The first problem stated has an obvious solution and the best example is provided on the El Pedro Street and the Ontario Drive crosswalk. There is no protection there save a stop sign that many drivers ignore, and the only crossing guard nearby Mendenhall Middle School is stationed on El Caminito. Some argue that that location is the more logical of the two, considering the street is much wider; however, it would be more of a benefit to have a crossing guard at both crosswalks. If both streets were to have provided protection for students, then the fear of children being hit will be lessened considerably. Crossing guards would be most effective for Kindergarten through Eighth grade age children, because the younger a child is the more irresponsible or less cautious they are. While it is true crossing guards are furnished by the schools individually, who is to say the Traffic Division could not nudge them in the right direction. We are all trying to keep students safe, after all.

In order to improve upon existing crosswalks, the Traffic safety division along with city planners should include a crossing signal like the many in our city. Further down Wall Street, workers installed a crossing signal to improve the safety of students. Not only was this an effective improvement, but it lessened the effects from poor driving habits in the immediate surrounding area. The crossing signal was a considerable enhancement, but further changes can and should be made. For example, there are two more crosswalks on Wall Street which prove to be a greater danger to students. One of these lies at the base of Boot Hill at the intersection between Judith Way and Wall Street the other at the Sonoma and Wall Street intersection.

Both of these are a greater danger to students because they have to face the fast-moving traffic on Stanley Boulevard and the others have to cross at a blind turn.  If both of these crosswalks were to have signals added to them, pedestrians could better alert drivers to their presence in order to walk safely. As stated above, many drivers have trouble following basic laws of the road when the school rush hour is occuring. An increased patrol in school zones during before and after school hours will act as a deterrent for unsafe drivers. If an officer were to simply be present on the road many would be dissuaded from making poor choices. This would improve the safety of students and fellow drivers.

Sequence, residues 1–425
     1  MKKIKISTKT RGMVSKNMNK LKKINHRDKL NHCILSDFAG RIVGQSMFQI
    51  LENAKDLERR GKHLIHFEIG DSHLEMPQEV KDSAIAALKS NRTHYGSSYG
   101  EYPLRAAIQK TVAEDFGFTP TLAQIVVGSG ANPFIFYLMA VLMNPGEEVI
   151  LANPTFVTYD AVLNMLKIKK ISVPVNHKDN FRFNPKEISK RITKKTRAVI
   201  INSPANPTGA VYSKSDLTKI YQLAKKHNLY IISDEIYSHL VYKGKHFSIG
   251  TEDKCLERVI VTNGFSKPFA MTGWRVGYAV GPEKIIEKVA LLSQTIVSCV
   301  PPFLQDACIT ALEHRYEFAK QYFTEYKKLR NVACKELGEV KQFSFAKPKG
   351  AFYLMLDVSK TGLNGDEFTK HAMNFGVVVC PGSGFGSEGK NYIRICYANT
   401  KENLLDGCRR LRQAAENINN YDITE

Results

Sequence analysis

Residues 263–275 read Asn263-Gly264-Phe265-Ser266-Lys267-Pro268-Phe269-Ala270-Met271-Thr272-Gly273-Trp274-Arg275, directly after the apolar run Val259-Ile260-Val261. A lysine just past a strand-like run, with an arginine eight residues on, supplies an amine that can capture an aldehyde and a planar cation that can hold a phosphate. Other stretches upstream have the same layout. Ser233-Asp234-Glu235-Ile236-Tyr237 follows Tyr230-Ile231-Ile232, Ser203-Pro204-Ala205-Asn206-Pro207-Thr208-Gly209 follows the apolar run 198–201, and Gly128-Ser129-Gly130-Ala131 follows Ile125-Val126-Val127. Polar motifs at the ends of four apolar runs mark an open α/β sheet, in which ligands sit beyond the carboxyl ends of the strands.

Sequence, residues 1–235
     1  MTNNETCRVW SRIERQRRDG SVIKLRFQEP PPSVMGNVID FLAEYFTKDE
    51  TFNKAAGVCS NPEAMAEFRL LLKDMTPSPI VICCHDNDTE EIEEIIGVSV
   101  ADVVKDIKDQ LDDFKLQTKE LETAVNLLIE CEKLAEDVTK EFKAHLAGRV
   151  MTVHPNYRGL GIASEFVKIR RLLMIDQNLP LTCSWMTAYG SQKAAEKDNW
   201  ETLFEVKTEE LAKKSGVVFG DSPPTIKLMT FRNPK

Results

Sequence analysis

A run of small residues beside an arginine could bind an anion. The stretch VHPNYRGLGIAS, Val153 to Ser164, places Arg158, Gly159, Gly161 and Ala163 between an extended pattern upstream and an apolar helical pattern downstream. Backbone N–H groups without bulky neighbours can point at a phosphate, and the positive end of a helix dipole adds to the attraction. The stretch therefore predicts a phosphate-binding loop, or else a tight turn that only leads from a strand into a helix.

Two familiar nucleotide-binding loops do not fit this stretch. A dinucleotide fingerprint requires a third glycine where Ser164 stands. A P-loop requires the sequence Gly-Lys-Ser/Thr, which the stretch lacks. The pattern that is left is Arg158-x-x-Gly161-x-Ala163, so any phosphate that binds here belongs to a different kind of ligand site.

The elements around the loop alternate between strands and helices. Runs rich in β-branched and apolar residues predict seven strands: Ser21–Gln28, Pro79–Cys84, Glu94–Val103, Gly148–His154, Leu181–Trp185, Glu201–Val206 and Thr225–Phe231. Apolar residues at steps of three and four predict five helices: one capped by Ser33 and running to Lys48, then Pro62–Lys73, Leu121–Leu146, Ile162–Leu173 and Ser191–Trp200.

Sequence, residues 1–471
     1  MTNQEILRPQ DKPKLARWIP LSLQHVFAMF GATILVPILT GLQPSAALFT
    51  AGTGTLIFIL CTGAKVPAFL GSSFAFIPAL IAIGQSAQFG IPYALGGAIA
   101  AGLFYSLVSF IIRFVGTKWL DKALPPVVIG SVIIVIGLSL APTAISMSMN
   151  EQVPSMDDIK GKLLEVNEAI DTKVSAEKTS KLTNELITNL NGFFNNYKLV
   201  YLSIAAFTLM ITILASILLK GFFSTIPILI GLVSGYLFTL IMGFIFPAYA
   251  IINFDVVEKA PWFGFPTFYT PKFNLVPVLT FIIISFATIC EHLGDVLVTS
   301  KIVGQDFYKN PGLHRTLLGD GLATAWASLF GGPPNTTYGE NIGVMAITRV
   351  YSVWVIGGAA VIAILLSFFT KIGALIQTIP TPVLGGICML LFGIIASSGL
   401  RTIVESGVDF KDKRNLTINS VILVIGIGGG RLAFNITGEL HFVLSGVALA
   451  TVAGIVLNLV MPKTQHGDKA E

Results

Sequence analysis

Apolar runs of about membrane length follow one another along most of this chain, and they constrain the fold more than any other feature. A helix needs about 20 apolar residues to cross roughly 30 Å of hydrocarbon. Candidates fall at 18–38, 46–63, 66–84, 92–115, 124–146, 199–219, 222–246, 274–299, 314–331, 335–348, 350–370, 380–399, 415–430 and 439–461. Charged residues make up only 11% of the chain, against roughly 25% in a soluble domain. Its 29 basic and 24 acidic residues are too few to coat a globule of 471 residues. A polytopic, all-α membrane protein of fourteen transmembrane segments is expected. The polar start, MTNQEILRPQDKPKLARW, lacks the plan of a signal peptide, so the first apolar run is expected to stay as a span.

Coupled with the other two safety measures mentioned previously, increased patrols would also help officers identify those breaking the law in spite of the safety improvements. If we are to make schools a truly safe space for students, the solutions listed above must be put into effect. All of us value the safety and well being of our city’s children above all things and must prioritize as such. Crossing guards, improved crosswalks, and increased patrols should be implemented surrounding our schools. Again these improvements would make crosswalks safer and the road safer for student drivers. Please let me know if there is anything else I can do to aid this effort.

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Traffic Safety In Schools. (2022, Jan 05). Retrieved from